Just eight minutes after the Toronto Maple Leafs tweeted the bombshell news regarding the future of Kyle Dubas, the Toronto Marlies announced that the club will not renew the contracts of head coach Greg Moore and assistant coaches A.J. MacLean and John Snowden.

“I would like to extend our club’s sincere thanks to our coaching staff for their commitment and contributions to the organization,” said Ryan Hardy, Maple Leafs Assistant General Manager of Minor League Operations. “Our club wishes Greg, A.J., John, and their families all the best moving forward.” 

Moore was hired to coach the Toronto Marlies on December 1, 2019, replacing the promoted Sheldon Keefe. At the time of the appointment, Kyle Dubas described the hire: 

“Over the last 10 days, we have evaluated all options after Sheldon Keefe’s promotion to the Maple Leafs. After a detailed review, it was clear to us that Greg Moore was the best fit to become the Head Coach of the Marlies.”

“Greg’s record in development and winning with the USA Hockey National Team Development Program and the USHL’s Chicago Steel to begin his coaching career made us take great notice of him as a candidate. More importantly, it became clear in speaking with his employers at USA Hockey and the Chicago Steel that Greg was the best fit for our program in terms of development philosophy.”

Appointing a rookie head coach is always a gamble to some degree, and it failed to pay off for Toronto. Excuses, with varying degrees of validity, have been a regular feature of Greg Moore’s rocky tenure.

The first was the difficulty of taking over from Sheldon Keefe, who led the Toronto Marlies to a first Calder Cup success. A mid-season appointment in such circumstances isn’t always the easiest gig, especially when it’s your first role as a professional head coach.

After some initial promise, there appeared to be a disconnect between the players and the new HC before a premature end to the 2019-20 campaign because of Covid-19. The Marlies were set to miss the playoffs by a large margin regardless. With 11 games left of the season, Toronto sat nine points back of fourth place and were in a torrid run of form, winning just three of their last 11 games.

The 2020-21 shortened season due to the pandemic was also considered a wash. The emphasis was on game and practice time rather than results and team success. In a 35-game campaign, Toronto finished with a losing record of 16-17-2.

Moore’s first complete season behind the bench in 2021-22 was no more successful than his first two campaigns.

Admittedly, there was a goaltending crisis at one point, and there were other injuries scattered across the roster. Toronto was able to get reasonable goaltending with lesser lights between the pipes, so that wasn’t much of an excuse in the circumstances.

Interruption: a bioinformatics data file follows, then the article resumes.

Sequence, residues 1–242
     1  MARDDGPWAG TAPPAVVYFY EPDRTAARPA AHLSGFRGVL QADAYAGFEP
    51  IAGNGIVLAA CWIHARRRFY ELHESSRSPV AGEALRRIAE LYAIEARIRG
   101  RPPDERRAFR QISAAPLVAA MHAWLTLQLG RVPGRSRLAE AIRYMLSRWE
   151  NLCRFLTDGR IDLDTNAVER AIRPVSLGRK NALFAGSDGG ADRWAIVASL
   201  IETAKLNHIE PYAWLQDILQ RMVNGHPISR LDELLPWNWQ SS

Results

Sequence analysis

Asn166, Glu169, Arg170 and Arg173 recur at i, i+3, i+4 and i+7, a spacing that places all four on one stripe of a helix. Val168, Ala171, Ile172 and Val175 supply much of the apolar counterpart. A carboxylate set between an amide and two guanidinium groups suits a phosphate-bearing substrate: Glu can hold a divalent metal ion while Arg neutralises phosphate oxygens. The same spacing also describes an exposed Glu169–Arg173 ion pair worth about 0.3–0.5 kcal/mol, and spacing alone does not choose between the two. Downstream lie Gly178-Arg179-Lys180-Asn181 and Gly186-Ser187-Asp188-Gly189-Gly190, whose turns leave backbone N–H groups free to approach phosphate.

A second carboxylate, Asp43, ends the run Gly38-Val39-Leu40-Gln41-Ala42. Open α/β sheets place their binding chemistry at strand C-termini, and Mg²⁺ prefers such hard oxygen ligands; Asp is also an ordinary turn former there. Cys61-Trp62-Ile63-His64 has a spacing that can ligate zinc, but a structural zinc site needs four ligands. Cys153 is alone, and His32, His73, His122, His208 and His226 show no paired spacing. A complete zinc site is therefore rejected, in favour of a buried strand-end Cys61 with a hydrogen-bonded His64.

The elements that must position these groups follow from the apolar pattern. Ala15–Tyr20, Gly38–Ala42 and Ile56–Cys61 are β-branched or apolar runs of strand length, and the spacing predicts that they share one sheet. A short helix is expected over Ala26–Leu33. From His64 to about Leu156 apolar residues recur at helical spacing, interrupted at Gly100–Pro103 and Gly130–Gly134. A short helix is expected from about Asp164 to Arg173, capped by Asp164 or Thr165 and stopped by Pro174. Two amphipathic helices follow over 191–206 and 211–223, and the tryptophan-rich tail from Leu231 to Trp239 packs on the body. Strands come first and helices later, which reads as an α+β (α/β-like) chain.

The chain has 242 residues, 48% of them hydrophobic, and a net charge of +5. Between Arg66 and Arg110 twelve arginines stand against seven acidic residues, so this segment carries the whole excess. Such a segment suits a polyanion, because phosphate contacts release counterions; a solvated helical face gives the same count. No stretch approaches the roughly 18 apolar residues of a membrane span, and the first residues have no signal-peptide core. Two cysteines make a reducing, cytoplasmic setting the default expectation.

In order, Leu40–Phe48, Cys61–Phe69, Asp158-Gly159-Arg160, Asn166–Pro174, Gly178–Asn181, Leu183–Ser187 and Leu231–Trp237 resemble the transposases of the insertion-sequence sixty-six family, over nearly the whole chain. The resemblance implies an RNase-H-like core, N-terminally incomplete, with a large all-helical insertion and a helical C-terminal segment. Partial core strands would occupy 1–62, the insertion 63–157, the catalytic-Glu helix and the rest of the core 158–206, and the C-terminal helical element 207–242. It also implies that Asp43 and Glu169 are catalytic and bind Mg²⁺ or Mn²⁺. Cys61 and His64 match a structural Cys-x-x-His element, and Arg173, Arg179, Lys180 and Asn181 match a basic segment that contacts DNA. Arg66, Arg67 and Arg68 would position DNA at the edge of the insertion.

The Marlies put up a winning record for the first time under Moore (37-30-5) but missed the playoffs in spectacular fashion. Despite the extra playoff berth on offer under an expanded format, Toronto missed out by a single point after getting blown out by Belleville on the final day of the season. It was no less than Toronto deserved having won just two of their last seven games to finish the campaign.

Toronto finished first place in an abnormally uncompetitive North Division in 2022-23, Moore’s fourth year and second complete season behind the bench.

The Marlies got off to a fast start and clung to first place despite falling into a hole at the end of the season (2-8-3). Toronto won 11 of their first 14 games by virtue of scoring 52 goals, and the power play, in particular, was often the difference maker early in the season (clicking over 30%). 

The other aspect covering the deficiencies in the Marlies’ game was excellent goaltending. Initially, Keith Petruzzelli and then Joseph Woll stepped into the fray, with the latter winning 16 of his first 17 games, posting a .931 SV% along the way.

The trade deadline and injuries depleted Toronto’s roster, but the issues were more complex than the availability of players. Team defense was an issue that was never fully addressed, and the Marlies’ poor performance at five-on-five play was born out by a -17 goal differential. Baffling player deployment, haphazard line combinations, and a lack of individual accountability were constant points of concern.

This was apparent throughout the majority of Moore’s tenure — no more so than during the most recent season and in the playoffs, where Moore flat-out refused to adjust ill-fitting forward line combinations or make players accountable for unacceptable performances.

Watching the farm team humbled and at times embarrassed by a good but not great Rochester squad in a one-sided series likely played a part in the organization’s thinking regarding Moore’s future.

A.J. MacLean will also leave the Marlies after eight seasons with the team after joining in 2015-16 as part of Sheldon Keefe’s staff.

The departure of assistant John Snowden is somewhat of a surprise. The 41-year-old led the Newfound Growlers to a Kelly Cup championship in 2019 and spent the last two seasons with the Marlies following a promotion. The organization previously appeared to be high on the Washington native, and Snowden would have been on my shortlist of possible candidates to replace Moore had he not been released.